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Discussion Starter #1
i want to buy another 2.0 and build it up. new pistons, crank, cylinder head, cams, valves, etc. i just want to make sure a stock 2.0 block can handle these kind of upgrades along with a turbo too.
 

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I almost guarantee that you will not find the limits of the Duratec block.
 

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Not to mention that no one makes aftermarket shortblocks. As long as you don't have a connecting rod that comes loose or rev the crank past 7500RPM, the block should hold up.

One question though, why are you building up a D20 when you could build up a D23? Most people on here that have done thier own builds usually build up a 2.3L
 

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Discussion Starter #6
Not to mention that no one makes aftermarket shortblocks. As long as you don't have a connecting rod that comes loose or rev the crank past 7500RPM, the block should hold up.

One question though, why are you building up a D20 when you could build up a D23? Most people on here that have done thier own builds usually build up a 2.3L
not sure. i thought about it. i know its the same block. i know this is prolly a stupid question but it woulkd still have the same motor mounts to just drop it in without making custom ones. i have a decent amount of knowledge with this stuff but i have never actually done something like this before. my step dad was a mechanic and i learned what i know through him.
 

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If you do a 2.3 you will need to get the 2.3 passenger motor mount, otherwise it will sit a 1/2" lower on the passenger side which will will cause several things to not line up correctly. Since you have a 2010 focus you will also want to swap over your intake camshaft and thermostat housing, as none of the 2.3's ever came from the factory with the 08+ style intake cam and electronic thermostat housing, since the last focus that had the 2.3 was the 07' ST

Pretty much everything else (sensors, coil packs, IM, exhaust manifold, etc) would swap over from your current engine.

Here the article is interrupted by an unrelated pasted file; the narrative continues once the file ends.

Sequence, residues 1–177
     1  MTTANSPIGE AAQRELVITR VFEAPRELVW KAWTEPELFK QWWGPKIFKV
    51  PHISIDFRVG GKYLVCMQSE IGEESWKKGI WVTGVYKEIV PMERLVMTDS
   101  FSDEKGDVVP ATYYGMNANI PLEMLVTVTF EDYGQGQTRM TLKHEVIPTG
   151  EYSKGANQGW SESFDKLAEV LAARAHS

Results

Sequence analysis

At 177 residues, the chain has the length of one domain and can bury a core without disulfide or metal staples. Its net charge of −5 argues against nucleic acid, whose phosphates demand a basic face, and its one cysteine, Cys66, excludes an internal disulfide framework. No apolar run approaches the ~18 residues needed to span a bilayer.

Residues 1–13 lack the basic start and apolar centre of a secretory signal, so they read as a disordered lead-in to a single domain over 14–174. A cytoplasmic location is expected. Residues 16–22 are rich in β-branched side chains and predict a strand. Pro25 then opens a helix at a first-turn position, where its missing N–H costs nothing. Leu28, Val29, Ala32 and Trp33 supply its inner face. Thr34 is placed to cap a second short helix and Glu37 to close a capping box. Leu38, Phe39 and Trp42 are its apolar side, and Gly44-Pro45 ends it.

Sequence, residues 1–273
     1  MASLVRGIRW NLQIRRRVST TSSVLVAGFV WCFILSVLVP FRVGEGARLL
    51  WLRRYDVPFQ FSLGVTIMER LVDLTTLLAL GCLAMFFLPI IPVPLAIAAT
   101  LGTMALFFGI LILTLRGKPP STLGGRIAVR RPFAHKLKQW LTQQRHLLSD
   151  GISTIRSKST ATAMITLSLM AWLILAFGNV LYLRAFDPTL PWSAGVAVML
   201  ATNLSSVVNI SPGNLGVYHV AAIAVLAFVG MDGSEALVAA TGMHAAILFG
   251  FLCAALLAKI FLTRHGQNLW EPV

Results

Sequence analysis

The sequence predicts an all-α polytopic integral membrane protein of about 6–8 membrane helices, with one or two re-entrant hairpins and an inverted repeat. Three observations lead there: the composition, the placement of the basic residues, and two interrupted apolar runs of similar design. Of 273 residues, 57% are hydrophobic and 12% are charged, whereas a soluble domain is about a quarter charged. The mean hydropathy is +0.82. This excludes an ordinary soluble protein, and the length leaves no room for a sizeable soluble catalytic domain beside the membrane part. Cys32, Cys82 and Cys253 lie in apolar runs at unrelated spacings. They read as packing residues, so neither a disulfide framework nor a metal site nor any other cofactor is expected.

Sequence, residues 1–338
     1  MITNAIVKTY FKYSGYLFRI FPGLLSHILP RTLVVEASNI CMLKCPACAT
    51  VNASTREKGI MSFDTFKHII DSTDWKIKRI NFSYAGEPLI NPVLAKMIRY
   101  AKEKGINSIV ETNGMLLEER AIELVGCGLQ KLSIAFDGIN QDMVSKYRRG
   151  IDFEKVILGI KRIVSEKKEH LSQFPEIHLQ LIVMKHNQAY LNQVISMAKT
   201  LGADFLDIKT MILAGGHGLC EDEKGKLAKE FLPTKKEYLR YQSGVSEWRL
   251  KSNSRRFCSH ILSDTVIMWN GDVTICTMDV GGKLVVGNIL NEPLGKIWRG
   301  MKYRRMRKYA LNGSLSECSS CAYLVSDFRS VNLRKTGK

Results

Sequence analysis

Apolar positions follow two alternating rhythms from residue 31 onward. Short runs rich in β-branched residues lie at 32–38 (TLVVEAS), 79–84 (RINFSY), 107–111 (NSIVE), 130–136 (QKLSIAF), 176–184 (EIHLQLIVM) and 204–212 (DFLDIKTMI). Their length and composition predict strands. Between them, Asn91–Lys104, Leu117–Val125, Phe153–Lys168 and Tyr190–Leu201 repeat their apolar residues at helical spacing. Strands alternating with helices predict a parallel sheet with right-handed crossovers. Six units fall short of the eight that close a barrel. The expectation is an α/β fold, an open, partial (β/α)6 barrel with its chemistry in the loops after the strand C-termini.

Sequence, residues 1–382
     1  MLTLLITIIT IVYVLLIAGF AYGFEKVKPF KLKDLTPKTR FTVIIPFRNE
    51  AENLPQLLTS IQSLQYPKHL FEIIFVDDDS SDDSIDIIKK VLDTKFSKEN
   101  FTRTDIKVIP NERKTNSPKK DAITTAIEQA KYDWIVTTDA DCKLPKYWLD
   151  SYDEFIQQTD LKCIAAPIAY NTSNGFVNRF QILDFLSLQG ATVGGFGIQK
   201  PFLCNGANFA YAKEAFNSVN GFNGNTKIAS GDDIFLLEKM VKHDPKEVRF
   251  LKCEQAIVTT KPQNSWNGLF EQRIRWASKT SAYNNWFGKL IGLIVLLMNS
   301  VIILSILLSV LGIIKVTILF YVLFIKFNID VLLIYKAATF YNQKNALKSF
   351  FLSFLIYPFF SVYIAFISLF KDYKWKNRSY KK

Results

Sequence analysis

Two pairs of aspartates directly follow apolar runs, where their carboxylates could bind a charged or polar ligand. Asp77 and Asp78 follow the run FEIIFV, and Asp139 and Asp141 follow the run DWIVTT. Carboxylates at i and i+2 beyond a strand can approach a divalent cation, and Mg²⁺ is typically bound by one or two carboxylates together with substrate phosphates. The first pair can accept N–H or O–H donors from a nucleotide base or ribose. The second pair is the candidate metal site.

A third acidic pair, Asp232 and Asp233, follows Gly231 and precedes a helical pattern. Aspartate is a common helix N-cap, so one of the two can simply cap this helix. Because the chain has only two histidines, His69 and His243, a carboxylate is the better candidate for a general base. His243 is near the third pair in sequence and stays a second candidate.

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^WHat mega said. Remeber the 08+ intake cam has 5 sensor pick-ups on the cam and the 03-07 Dura's have 1 sensor pick-up.
 

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I did some thorough research of this when I got my 2.3 form a salvage site. Technically speaking, it is possible to bore the 2.0 to a 2.2 and the 2.3 to a 2.5 by boring the cylinders to 92mm. However you will make the cylinder walls so incredibly thin that the longevity and durability of the engine will be greatly affected, which is why this is not recommended especially if you intend to run boost which requires an engine that is structurally sound.

Another disadvantage to this is cost. Being that the Duratec's are made from aluminum, they require cast iron sleeves to be installed to make up their cylinder walls. If you were to bore these cylinders to a 92mm diameter, you would need to acquire new sleeves. Sleeves are not cheap by any stretch of the imagination, which makes this whole idea non-feasible.

If you want, you can try to find a D25 short block and acquire a D23 head. However you would have to find something to block off the second oil pressure port that is running to the head, because the new D25 head has two oil pressure ports running to it instead of one like the D20 and D23. Also the reason you can't use the D25 head is because the camshaft bearings closest to the chain are different because it has VCT.
 

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Just thinking, I'm not an expert but
Could you drop a 2.5L (100mm stroke) crank into a 2.3L block?
that would give you an extra 6mm of stroke, then if you could do a 1.5mm bore increase (to 89mm) you would end up with a 2.5L using a basic 2.3L that would bolt into anything!
If so that would be a cool way to go.
 

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If the 2.5 crank has a longer stroke than the 2.3 crank, then NO you can't use it in a 2.3. If the 2.5 crank has more stroke than the 2.3 then the 2.5 shortblock must compensate for it by having a taller shortblock, otherwise the pistons will rise too far out of the cylinder and hit the head.
 

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Discussion Starter #16